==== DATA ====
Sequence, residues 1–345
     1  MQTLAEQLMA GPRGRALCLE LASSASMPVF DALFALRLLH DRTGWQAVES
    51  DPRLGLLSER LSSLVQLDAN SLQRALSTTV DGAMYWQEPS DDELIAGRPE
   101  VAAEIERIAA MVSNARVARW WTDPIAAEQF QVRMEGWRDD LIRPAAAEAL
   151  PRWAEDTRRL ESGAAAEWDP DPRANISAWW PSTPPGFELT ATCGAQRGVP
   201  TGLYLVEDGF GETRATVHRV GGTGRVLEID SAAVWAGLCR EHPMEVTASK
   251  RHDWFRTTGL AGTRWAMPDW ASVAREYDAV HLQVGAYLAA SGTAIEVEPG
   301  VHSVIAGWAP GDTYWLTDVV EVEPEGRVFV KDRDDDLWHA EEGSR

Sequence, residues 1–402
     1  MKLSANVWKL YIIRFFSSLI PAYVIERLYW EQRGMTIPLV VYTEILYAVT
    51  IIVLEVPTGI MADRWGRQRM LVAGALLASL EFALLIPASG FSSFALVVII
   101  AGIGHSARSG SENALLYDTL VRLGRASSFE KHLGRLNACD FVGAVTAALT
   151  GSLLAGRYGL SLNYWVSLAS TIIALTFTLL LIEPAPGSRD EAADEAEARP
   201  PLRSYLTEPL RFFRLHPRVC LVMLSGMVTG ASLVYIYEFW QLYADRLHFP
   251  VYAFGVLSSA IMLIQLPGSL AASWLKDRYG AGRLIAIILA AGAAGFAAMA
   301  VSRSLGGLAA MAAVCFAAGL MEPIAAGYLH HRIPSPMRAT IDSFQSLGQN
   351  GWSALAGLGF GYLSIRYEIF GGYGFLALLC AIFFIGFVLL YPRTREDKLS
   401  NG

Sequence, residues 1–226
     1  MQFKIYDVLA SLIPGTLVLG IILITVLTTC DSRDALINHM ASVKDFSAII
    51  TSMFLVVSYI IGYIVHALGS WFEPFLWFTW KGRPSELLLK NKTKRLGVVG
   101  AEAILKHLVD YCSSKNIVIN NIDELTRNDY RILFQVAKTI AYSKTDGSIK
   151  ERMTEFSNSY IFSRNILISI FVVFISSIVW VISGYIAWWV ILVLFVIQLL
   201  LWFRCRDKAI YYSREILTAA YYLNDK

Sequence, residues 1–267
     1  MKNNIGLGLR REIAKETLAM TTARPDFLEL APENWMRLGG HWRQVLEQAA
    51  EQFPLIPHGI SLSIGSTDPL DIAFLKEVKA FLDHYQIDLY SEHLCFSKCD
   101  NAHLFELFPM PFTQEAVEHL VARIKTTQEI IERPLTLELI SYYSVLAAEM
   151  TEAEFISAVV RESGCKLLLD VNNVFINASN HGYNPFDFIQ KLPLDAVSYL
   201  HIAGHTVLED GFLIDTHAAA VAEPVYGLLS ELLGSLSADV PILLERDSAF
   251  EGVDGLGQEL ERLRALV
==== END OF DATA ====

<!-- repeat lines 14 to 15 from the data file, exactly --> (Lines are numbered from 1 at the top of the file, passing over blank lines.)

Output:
   201  PLRSYLTEPL RFFRLHPRVC LVMLSGMVTG ASLVYIYEFW QLYADRLHFP
   251  VYAFGVLSSA IMLIQLPGSL AASWLKDRYG AGRLIAIILA AGAAGFAAMA